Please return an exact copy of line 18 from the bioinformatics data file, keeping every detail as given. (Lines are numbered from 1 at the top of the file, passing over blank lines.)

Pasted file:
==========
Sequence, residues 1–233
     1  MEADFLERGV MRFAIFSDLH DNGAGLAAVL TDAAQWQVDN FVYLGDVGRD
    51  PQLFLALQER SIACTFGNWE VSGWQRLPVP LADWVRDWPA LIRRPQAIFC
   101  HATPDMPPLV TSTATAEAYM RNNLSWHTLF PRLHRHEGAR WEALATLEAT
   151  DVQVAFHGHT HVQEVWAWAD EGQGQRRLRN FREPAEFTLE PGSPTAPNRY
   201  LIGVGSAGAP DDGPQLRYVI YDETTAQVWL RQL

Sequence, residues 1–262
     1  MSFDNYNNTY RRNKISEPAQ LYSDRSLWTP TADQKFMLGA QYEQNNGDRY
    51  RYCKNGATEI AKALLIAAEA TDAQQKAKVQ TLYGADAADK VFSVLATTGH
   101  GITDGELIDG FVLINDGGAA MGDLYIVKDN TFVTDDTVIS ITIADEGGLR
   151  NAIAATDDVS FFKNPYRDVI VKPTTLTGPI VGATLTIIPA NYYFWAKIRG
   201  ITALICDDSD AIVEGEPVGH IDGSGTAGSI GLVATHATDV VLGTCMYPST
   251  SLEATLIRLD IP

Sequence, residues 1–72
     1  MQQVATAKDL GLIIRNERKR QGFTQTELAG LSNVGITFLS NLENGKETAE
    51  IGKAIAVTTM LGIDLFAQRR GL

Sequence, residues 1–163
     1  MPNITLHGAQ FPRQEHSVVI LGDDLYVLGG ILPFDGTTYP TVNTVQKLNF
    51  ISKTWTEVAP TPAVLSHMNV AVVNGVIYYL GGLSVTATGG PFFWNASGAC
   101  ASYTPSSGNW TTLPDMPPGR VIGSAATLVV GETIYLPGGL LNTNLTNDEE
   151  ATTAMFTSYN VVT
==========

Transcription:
     1  MPNITLHGAQ FPRQEHSVVI LGDDLYVLGG ILPFDGTTYP TVNTVQKLNF